‘Another kind of pain’: Survivors, family members share grief at MMIWG hearings in N.B.
The national inquiry into missing and murdered Indigenous women and girls is in Moncton, N.B., today for the start of two days of community hearings.
About 30 family members and survivors are expected to speak through a variety of formats — public and private hearings, sharing circle testimonies and artistic expression panels — during sessions at the Four Points by Sheraton Moncton.
Pamela Fillier is one those before the inquiry — her daughter, Hillary Bonnell, was 16 when she was killed by her cousin in 2009.
“It doesn’t end when you bury your child, it doesn’t end there,” said Fillier, a member of the National Family Advisory Circle. “It’s just the beginning of another kind of pain.”
Her disappearance from the Esgenoopetitj First Nation, a community north of Moncton, sparked an extensive search in September of that year.
Bonnell’s cousin, Curtis Bonnell, was later found guilty of killing his cousin.
‘I don’t want to see anybody else feel the way I felt. You don’t get over losing your child.’ -Pamela Fillier
As a result, Fillier spoke of a need for tougher laws across Canada.
“If you murder someone, you shouldn’t be allowed out,” she said.
“I want to make a chance to prevent this from happening to someone else.”
She described losing her daughter as a whole new pain, one that time doesn’t heal.
“I don’t want to see anybody else feel the way I felt,” she said. “You don’t get over losing your child.”
The community hearing is the first and only stop in New Brunswick.
“We are blessed and pleased … we will be listening and receiving the truth of more than 30 families and survivors for the next two days,” said MMIWG commissioner Michèle Audette.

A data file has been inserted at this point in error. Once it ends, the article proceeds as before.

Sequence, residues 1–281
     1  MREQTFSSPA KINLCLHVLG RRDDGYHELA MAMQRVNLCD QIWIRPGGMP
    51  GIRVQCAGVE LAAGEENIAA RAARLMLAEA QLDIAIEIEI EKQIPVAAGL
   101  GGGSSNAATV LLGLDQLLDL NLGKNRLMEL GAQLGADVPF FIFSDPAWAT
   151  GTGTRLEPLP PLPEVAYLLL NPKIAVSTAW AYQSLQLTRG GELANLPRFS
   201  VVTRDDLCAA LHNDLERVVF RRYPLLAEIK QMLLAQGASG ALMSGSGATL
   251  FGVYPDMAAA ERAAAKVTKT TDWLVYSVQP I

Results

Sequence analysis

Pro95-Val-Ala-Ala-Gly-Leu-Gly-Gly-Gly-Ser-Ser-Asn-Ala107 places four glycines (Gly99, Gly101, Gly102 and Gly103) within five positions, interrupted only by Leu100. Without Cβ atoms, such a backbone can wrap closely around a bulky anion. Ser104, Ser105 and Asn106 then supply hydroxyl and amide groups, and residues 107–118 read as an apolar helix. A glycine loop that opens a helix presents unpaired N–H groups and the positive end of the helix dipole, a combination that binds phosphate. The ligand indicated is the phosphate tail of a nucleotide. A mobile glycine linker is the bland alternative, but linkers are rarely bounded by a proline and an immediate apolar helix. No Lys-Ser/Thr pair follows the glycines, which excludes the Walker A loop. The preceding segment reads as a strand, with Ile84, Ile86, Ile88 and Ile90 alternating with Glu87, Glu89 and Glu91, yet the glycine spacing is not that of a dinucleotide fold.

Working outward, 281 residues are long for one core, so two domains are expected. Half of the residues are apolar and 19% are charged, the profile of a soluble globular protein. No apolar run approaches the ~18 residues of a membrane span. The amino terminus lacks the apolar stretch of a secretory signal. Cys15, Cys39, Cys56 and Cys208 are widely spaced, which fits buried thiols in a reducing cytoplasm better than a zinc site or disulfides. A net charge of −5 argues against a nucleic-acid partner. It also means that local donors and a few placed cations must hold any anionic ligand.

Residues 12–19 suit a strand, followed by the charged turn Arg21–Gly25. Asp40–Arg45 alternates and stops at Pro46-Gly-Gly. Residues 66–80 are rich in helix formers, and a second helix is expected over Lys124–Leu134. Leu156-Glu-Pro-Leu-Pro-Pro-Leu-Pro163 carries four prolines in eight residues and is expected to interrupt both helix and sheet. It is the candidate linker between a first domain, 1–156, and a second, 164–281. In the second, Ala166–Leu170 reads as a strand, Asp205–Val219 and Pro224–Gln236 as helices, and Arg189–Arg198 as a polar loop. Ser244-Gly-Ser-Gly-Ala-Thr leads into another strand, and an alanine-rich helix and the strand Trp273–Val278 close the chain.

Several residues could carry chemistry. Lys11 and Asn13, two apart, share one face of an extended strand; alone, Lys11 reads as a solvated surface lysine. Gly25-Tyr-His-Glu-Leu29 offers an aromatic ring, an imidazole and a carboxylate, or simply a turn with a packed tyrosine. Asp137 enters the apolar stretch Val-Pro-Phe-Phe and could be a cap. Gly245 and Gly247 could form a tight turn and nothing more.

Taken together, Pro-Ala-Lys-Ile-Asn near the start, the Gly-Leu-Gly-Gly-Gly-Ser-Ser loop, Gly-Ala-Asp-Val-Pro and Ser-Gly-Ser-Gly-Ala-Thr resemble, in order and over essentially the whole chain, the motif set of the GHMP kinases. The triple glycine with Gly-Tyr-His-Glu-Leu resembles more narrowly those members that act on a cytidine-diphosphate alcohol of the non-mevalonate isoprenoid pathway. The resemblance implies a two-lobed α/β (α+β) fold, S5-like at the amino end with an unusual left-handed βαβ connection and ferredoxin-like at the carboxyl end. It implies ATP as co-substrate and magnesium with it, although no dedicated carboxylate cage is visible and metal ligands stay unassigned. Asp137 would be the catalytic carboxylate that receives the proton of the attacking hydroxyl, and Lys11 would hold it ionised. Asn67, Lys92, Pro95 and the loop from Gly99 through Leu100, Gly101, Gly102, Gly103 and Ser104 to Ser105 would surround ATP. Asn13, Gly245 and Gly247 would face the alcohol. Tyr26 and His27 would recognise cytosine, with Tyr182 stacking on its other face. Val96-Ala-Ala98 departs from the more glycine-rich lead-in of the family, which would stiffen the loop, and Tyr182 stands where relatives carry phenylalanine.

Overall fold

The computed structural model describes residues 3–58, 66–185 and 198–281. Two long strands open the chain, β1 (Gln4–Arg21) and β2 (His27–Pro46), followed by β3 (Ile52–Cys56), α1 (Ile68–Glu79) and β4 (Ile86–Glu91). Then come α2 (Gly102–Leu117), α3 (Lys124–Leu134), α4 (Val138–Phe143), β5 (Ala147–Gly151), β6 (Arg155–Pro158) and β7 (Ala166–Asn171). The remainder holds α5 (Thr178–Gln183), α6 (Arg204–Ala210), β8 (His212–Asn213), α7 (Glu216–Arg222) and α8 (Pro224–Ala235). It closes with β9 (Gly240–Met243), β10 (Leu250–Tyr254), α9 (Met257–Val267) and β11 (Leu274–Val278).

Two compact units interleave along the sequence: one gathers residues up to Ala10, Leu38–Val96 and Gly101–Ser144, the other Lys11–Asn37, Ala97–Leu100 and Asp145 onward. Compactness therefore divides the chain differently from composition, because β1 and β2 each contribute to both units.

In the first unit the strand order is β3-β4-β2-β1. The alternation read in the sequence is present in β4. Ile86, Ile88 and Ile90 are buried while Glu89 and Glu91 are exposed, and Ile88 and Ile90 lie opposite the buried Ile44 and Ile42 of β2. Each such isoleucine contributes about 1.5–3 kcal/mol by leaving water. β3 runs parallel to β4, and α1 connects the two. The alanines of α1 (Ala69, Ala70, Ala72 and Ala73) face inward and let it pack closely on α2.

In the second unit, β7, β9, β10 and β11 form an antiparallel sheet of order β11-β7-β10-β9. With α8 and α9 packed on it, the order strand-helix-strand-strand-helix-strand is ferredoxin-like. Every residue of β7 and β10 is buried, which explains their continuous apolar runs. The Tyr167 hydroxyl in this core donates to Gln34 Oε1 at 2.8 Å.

“It’s very important we are here in this beautiful territory.”
More than 700 people have already shared their stories through the national inquiry, but it has been plagued from the start with staff turnover and concerns over aftercare, emotional and mental health support for people who have testified about losing loved ones.
“The demand of families is so huge,” she said. “They want to share their stories.”
A youth panel that will include Indigenous New Brunswickers is also scheduled for Wednesday.
“It’s going to … make sure that when we write those recommendations, the youth perspective is there and we need to have this across Canada,” she said.
The independent inquiry was initially launched in September 2016 in response to calls for action by Indigenous families and groups.
Its mandate is to “examine and report on the systemic causes of all forms of violence against Indigenous women and girls in Canada by looking at patterns and underlying factors,” according to the website.
The proceedings are open to the public.
See the original post: